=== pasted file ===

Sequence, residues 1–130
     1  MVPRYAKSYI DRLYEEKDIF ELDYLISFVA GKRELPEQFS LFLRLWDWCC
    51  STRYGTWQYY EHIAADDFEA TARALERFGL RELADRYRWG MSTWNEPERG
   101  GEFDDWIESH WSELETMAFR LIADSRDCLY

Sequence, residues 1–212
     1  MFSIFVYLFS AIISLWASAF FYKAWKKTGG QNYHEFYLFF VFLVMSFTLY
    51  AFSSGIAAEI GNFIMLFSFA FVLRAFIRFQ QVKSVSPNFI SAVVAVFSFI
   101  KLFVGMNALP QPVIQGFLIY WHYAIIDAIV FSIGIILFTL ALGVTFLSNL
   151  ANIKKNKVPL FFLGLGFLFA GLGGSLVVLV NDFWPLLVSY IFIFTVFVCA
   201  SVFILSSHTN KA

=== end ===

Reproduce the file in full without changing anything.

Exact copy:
Sequence, residues 1–130
     1  MVPRYAKSYI DRLYEEKDIF ELDYLISFVA GKRELPEQFS LFLRLWDWCC
    51  STRYGTWQYY EHIAADDFEA TARALERFGL RELADRYRWG MSTWNEPERG
   101  GEFDDWIESH WSELETMAFR LIADSRDCLY

Sequence, residues 1–212
     1  MFSIFVYLFS AIISLWASAF FYKAWKKTGG QNYHEFYLFF VFLVMSFTLY
    51  AFSSGIAAEI GNFIMLFSFA FVLRAFIRFQ QVKSVSPNFI SAVVAVFSFI
   101  KLFVGMNALP QPVIQGFLIY WHYAIIDAIV FSIGIILFTL ALGVTFLSNL
   151  ANIKKNKVPL FFLGLGFLFA GLGGSLVVLV NDFWPLLVSY IFIFTVFVCA
   201  SVFILSSHTN KA